The History of Henry Fielding - Vol. 1

By Wilbur L. Cross; Humphrey Milford | Go to book overview

CHAPTER VII
DRAMATIC CAREER

MARRIAGE AND REST

It is difficult to think of Fielding, the author of sixteen plays, the storm-centre of the English drama, as still only twenty-seven years old. His home, after the death of his mother, had been at Salisbury. As a schoolboy, when away from Eton, he had spent his vacations there with his grandmother and sisters. It is clear, too, that since his return from Leyden he had also visited Salisbury every summer or autumn between the dramatic seasons. The house which Lady Gould took there was in St. Martin's Street, which ran along the eastern rampart of the city to the ancient church from which the street--then an avenue of limes-- received its name. Beyond were the Milford hills. By the death of Lady Gould in June, 1733, the family circle was broken, though a Mrs. Fielding,* probably an aunt, dwelt in the house for some years more, doubtless along with Henry's sisters. Fielding became very familiar with the district around Salisbury, which, more or less disguised, is reflected in his novels; and it was but a short walk from Lady Gould's house into the centre of the town, where he made many acquaintances, some of whom may be yet uncovered in "Tom Jones." On his way to the Cathedral Close, he would tramp along St. Ann's Street, just off of which in Friary Lane lived Mrs. Elizabeth Cradock, with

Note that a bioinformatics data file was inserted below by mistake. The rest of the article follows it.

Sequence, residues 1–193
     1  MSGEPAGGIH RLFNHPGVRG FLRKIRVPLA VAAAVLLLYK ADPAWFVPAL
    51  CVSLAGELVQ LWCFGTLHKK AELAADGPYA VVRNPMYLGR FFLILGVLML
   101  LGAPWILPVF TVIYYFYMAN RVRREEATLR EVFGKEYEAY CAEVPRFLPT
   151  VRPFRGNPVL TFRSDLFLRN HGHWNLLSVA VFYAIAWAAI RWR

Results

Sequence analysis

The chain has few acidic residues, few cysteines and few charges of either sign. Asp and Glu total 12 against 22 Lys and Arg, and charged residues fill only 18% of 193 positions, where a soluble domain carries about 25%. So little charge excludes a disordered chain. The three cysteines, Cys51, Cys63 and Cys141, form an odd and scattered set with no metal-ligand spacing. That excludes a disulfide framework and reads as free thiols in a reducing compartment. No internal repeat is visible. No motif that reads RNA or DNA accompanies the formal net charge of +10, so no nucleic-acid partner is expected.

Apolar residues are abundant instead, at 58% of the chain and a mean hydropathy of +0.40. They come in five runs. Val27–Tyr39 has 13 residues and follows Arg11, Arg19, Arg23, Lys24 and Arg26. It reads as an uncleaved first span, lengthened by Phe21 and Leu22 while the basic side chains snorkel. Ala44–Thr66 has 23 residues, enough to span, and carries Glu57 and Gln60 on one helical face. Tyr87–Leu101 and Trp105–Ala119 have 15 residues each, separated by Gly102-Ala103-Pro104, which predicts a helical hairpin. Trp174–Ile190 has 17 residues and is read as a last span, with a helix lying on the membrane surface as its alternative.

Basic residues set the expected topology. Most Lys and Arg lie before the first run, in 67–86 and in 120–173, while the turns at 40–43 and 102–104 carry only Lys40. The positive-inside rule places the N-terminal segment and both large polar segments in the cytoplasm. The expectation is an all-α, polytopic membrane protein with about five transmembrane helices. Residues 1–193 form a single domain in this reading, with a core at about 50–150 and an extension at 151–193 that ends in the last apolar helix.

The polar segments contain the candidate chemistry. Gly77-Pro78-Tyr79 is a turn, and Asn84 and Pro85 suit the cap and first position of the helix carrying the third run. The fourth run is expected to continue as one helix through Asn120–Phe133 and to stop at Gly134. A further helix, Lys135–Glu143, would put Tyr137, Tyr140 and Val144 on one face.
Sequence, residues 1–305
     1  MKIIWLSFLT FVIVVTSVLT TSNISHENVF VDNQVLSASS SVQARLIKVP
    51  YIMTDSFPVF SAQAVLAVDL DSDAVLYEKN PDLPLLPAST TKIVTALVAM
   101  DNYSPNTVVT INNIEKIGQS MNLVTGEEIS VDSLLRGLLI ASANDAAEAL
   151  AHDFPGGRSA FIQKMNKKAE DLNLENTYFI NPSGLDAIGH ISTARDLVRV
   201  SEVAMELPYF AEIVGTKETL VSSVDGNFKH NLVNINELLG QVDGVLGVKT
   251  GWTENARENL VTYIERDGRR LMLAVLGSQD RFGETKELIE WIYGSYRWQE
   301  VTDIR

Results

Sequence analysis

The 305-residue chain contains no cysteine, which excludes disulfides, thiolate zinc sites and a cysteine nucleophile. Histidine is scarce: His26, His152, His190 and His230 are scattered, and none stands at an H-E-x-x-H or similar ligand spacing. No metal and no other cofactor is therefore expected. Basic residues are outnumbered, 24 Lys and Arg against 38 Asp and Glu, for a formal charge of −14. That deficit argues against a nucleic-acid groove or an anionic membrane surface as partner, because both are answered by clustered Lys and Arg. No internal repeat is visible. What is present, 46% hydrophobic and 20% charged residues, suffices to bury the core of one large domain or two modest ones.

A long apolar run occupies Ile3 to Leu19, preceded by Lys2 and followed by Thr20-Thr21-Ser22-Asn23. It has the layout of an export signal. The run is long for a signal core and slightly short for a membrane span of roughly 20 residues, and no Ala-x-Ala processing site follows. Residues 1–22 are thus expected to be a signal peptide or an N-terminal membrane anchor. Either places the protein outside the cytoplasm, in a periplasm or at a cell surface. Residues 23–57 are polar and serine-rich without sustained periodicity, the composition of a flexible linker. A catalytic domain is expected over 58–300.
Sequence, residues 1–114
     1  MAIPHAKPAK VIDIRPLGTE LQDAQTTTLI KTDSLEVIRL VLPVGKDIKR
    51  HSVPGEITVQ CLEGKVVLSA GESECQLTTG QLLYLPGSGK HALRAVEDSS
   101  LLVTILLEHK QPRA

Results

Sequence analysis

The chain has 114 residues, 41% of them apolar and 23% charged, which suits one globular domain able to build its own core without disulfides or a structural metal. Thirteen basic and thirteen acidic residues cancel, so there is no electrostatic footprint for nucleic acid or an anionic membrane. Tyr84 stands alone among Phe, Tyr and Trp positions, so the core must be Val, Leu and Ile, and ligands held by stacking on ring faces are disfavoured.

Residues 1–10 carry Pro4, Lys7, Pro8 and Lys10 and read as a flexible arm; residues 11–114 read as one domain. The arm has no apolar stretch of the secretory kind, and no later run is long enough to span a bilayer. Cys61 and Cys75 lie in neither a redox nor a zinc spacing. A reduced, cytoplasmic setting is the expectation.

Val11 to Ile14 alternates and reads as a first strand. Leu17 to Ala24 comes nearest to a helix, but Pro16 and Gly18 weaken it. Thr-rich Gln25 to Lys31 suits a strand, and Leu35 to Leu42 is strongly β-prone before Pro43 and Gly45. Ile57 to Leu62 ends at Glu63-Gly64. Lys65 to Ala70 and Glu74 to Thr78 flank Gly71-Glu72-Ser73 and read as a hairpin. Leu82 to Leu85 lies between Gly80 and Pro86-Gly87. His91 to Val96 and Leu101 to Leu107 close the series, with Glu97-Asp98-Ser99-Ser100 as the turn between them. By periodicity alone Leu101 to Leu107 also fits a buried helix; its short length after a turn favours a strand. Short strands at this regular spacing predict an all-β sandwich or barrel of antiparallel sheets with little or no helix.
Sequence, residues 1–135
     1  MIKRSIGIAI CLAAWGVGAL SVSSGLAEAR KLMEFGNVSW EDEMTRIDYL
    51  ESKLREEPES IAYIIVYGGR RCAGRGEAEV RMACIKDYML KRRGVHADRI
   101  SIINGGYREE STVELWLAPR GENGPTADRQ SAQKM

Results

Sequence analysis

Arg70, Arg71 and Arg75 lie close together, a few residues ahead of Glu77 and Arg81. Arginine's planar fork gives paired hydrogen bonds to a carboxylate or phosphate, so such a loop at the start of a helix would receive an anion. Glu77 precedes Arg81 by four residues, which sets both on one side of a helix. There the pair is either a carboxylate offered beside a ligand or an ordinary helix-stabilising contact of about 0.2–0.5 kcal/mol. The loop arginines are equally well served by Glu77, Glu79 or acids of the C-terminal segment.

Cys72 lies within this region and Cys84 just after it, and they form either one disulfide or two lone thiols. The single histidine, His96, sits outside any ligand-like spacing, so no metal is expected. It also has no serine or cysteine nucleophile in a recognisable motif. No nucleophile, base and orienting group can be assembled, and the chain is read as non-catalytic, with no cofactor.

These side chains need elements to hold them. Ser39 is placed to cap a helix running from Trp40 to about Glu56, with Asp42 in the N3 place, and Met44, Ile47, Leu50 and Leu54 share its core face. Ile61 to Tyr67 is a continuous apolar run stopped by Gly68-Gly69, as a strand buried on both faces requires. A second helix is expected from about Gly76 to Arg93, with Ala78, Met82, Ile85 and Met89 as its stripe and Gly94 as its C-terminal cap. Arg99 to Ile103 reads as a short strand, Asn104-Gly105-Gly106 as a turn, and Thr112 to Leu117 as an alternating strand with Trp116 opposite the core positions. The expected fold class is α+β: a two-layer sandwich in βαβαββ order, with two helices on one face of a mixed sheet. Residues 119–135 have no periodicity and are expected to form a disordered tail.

____________________
*
"Mrs." was then applied to unmarried as well as to married women. The Mrs. Fielding, who was assessed in 1734 for "the house late Lady Gould's," may have been Edmund Fieldings unmarried sister Dorothy.

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